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First-aid foresight

Sooner or later, we all face a medical problem that calls for immediate first aid and clear thinking. Whether it’s a child’s skinned knee or a relative’s ankle sprain, knowing what to do next is a health skill everyone needs.

The guidelines below may help you to be better prepared to handle some situations. Keep the following in mind:

  • Never attempt to treat head, neck or back injuries yourself.
  • Let common sense and good judgment prevail.
  • Check seemingly minor injuries or bites periodically for infection.
  • Don’t underestimate the importance of comforting and reassuring victims while waiting for medical attention.

First-aid tips

Minor cuts and scrapes. Wash the wound with warm water and mild soap, then apply medicated ointment and cover with a bandage to heal most small cuts. Change dressing daily; keep clean and dry to prevent infection.

Bruises. Apply a cold pack to reduce swelling. Take aspirin, ibuprofen or acetaminophen for pain relief.

Bleeding. Apply pressure to the wound with a thick, clean cloth and raise the wound above the heart. If bleeding is severe or isn’t controlled in five minutes or if the wound is very dirty, longer than an inch or gaping, get immediate medical care. When aiding a victim, place a barrier between you and the blood to avoid disease transmission. Seek medical attention if a cut to the face looks as if it may leave a scar.

Puncture wounds. Don’t self-treat deep puncture wounds since they run the risk of deep tissue injury or infection.

Burns. Run cool water over minor burns, immerse in cold water or wrap the burned area in a cold, wet cloth for about 10 minutes or until pain subsides. Apply an antibiotic ointment and cover with a bandage. Call your doctor if blisters form. Burns that cover more than a two-inch area and major burns require immediate medical attention. Burns from chemicals and electricity always need advanced medical care.

Animal bites. If skin is broken, wash the wound with soap and water. See a doctor: A tetanus shot may be required. For bites from wild or stray animals, get immediate medical attention.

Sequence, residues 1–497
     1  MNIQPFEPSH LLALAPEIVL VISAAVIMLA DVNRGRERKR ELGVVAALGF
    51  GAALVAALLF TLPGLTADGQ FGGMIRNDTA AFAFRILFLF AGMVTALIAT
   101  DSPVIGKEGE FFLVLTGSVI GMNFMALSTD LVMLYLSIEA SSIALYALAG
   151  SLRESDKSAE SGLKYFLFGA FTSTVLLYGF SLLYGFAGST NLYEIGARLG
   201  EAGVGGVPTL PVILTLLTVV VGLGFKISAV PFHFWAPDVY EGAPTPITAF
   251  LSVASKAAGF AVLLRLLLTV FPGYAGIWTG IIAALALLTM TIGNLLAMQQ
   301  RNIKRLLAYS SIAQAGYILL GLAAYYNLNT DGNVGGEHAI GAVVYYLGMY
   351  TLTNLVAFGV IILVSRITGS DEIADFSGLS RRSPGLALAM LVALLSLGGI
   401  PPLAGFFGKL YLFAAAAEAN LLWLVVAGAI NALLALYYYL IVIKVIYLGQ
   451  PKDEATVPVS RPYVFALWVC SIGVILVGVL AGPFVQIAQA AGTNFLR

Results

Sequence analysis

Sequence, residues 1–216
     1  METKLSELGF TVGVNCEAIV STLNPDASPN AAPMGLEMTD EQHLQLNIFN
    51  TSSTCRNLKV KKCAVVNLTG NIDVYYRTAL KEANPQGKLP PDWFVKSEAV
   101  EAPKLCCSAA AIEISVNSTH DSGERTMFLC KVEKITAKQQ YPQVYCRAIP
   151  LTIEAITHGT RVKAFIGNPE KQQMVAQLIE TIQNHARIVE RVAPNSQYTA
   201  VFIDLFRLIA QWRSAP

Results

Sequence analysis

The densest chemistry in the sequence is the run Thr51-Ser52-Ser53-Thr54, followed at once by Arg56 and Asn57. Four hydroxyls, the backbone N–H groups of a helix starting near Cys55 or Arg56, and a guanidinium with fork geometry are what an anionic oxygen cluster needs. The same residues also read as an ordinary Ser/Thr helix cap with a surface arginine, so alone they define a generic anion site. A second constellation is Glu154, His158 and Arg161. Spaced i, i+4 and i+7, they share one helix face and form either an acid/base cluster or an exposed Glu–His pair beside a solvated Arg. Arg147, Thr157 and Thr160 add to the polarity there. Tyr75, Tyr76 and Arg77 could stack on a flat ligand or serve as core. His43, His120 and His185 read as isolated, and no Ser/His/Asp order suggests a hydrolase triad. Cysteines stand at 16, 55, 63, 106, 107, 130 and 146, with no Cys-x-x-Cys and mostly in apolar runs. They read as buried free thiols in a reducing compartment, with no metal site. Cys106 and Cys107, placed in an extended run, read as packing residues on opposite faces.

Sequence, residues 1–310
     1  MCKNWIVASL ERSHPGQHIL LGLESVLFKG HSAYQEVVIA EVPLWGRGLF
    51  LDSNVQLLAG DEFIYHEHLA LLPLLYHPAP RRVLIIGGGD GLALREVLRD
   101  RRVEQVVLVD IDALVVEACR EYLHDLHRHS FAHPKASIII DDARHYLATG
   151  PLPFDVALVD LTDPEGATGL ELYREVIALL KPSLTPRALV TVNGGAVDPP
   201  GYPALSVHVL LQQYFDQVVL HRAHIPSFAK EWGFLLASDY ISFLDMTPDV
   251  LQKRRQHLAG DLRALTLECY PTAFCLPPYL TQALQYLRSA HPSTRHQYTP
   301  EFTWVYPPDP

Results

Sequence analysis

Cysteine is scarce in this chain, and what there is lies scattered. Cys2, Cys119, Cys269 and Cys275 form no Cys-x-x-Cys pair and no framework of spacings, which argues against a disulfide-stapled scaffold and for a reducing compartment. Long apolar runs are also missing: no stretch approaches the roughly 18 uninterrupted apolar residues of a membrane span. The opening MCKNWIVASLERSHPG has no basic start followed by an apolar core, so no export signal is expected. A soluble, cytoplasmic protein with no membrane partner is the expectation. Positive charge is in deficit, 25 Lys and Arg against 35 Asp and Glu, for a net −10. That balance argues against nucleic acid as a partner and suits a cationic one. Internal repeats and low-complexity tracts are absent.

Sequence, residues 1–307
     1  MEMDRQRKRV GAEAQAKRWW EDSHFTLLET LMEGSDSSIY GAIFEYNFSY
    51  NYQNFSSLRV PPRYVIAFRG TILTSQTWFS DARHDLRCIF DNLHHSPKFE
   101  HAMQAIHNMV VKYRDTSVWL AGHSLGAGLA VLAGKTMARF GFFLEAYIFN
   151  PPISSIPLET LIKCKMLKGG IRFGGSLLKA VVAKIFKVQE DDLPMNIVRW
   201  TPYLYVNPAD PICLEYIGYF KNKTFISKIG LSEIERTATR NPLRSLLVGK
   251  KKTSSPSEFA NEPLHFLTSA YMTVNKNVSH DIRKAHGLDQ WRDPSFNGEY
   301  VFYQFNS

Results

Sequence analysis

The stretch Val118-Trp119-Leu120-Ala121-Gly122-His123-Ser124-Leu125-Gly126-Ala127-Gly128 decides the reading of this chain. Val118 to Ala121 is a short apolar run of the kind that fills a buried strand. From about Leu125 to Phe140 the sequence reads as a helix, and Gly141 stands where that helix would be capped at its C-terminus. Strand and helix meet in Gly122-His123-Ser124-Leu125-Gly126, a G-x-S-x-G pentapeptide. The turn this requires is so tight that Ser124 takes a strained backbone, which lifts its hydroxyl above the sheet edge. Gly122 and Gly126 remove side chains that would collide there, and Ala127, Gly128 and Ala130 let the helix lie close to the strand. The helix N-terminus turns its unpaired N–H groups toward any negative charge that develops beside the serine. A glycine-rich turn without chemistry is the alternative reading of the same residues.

Insect stings. Remove a stinger with tweezers or by swiping it away with your fingernail or a credit card. Wash the area with soapy water and apply a cold pack to reduce swelling. If the victim shows signs of an allergic reaction (such as difficulty breathing), call for immediate medical help.

Poisoning. Before doing anything, call the National Poison Control Hotline at 1-800-222-1222. Only induce vomiting if so instructed.

Shock. Someone suffering from shock may have cold, clammy skin; be weak; be confused; have a rapid heartbeat; or breathe deeply and irregularly or have shallow breath. Keep the victim warm and lying down on his or her back until help arrives. Do not give the victim anything to drink.

Electrical injuries. Do not touch someone who has just been electrocuted—the current may pass through you. While waiting for help to arrive, try to turn off the source of electricity.

Sprains and strains. To treat sprains and strains, follow the RICE method: rest, ice, compression and elevation. Apply ice packs or cold-water compresses to relieve swelling. Wrap the injury in an elastic bandage and keep it elevated above the heart.

Broken bones. Quickly call for emergency assistance. It’s best not to move the person or attempt to straighten a broken bone.

A homemade safety kit

First-aid items for your home and car include:

  • a first-aid manual
  • emergency phone numbers
  • a list of allergies and prescriptions for each family member
  • an over-the-counter pain reliever
  • a first-aid ointment
  • syrup of ipecac
  • a thermometer, tweezers and small scissors
  • various size bandages and gauze
  • adhesive tape
  • a cold pack
  • antiseptic wipes
  • latex gloves